33. 33. Themes False Allegiance(loyalty) A final noteworthy (and again, satiric) theme is the way in which people proclaim their allegiance to each other, only to betray their true intentions at a later time. Directly related to the idea that the rulers of the rebellion (the pigs) eventually betray the ideals for which they presumably fought, this theme is dramatized in a number of relationships involving the novels human characters. Pilkington and Jones;Frederick, for example, only listen to Jones in the Red Lion because they secretly hope to gain something from their neighbors misery. Similarly, Fredericks buying the firewood from Napoleon seems to form an alliance that is shattered when the pig learns of Fredericks forged banknotes. The novels final scene demonstrates that, despite all the.
  34. 34. Allegory (cont’d) Yet there is no reason that allegory must be limited to two levels. It is possible to argue that Animal Farm also has a third and more general level of meaning. For instance, the pigs need not only represent specific tyrannical soviet leaders. They could also be symbols for tyranny more broadly: their qualities are therefore not simply the historical characteristics of a set of Squealer, Snowball, & Napoleon actual men but are the qualities of all leaders who rely on repression and manipulation.
  35. 35. Propaganda  The pigs began to spread propaganda to the animals when they told them that they were doing well. The animals, being naive, believed every word of it. Propaganda was spread to other farms, telling them about how Animal Farm was more prosperous. They were urged to rebel.  The animals also could beBoxer indoctrinated using propaganda. Ex: The sheep bleating.
  36. 36. Satire In a satire , the writer attacks a serious issue by presenting it in a ridiculous light or otherwise poking fun at it. Orwell uses satire to expose what he saw as the myth of Soviet socialism. Thus, the novel tells a story Soviet Coat of Arms that people of all ages can understand, but it also tells us a second story— that of the real-life revolution.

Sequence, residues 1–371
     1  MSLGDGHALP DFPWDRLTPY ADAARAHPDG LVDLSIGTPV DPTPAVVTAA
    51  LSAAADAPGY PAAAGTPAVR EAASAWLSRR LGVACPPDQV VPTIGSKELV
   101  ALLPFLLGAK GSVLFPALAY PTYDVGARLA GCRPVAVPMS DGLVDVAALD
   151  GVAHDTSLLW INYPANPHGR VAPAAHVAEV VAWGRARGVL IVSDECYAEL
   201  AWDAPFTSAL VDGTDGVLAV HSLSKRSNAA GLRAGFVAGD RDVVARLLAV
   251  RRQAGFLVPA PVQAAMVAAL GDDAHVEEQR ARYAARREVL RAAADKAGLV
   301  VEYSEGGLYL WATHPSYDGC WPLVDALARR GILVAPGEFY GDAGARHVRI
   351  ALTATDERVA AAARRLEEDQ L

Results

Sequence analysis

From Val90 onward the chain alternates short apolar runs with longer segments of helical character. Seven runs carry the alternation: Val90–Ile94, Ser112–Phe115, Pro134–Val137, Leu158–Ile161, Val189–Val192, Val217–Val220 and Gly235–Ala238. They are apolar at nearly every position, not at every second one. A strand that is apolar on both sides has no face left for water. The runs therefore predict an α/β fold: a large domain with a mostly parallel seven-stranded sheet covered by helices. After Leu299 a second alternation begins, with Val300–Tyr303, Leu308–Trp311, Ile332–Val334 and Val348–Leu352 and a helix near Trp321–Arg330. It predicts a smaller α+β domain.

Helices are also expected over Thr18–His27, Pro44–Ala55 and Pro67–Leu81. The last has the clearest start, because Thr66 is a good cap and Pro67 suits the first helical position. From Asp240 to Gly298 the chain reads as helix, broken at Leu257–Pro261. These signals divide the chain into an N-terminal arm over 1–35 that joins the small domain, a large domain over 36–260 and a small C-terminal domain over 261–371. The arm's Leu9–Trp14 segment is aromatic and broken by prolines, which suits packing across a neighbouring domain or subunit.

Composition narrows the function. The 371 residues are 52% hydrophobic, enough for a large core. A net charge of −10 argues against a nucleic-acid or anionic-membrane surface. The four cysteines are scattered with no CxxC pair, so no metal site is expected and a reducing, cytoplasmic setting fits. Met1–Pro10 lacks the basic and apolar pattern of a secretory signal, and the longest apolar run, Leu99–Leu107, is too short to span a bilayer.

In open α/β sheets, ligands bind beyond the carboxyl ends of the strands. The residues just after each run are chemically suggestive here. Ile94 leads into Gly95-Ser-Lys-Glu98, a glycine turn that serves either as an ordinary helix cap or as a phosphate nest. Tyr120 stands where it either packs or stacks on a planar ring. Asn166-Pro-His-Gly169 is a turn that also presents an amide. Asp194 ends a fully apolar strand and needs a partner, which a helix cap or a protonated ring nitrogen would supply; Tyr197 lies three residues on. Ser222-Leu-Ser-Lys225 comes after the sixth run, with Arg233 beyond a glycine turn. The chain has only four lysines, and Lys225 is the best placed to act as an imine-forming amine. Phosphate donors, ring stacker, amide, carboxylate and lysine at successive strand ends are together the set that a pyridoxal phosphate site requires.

37. 37. Irony Irony results when there is a disparity between what an audience would expect and what really happens. Orwell uses a particular type of irony – dramatic irony. He relies on the difference between what the animals understand and what we, the audience, can conclude about the Snowball below the commandments. situation at Animal Farm. We know just what the animals know, but we can see so much more of its significance than they can. The conclusions we reach that the animals never quite get to – that the pigs are decadent, corrupt, and immoral – are all the more powerful because we arrive at them ourselves, without the narrator pointing these things out directly. Napoleon overindulging himself.
  38. 38. Irony (cont’d) Orwell uses dramatic irony to create a particularly subtle satire. Satire stages a critique of an individual, group, or idea by exaggerating faults and revealing hypocrisies. The dramatic irony of Animal Farm achieves this aim indirectly. We see the hypocrisy that the animals dont and therefore understand in this backward fashion that the book is deeply critical of the pigs.
  39. 39. Themes Religion and Tyranny Another theme of Orwells novel that also strikes a satiric note is the idea of religion being the "opium of the people" (as Karl Marx famously wrote). Moses the ravens talk of Sugar-candy Mountain originally annoys many of the animals, since Moses, known as a "teller of tales," seems an unreliable(untruthful) source. At this point, the animals are still hopeful for a better future and therefore dismiss Moses stories of a paradise elsewhere. As their lives worsen, however, the animals begin to believe him, because "Their lives now, they reasoned, were hungry and laborious(exhausting); Was it not right and just that a better world should exist somewhere else?" Here, Orwell mocks(ridicules) the futile(useless) dreaming of a better place that clearly does not exist. The pigs allow Moses to stay on the farm — and even encourage his presence by rewarding him with beer — because they know that his stories of Sugar-candy Mountain will keep the animals docile(obedient). Thus Orwell implies that religious devotion( — viewed by many as a noble character trait — can actually distort the ways in which one thinks of his or her life on earth.
  40. 40. Some definitions Definition of allegory : Extending a metaphor through an entire speech or passage so that objects, persons, and actions in the text are equated with meanings that lie outside the text.
  41. 41. Thank you for share our miserable 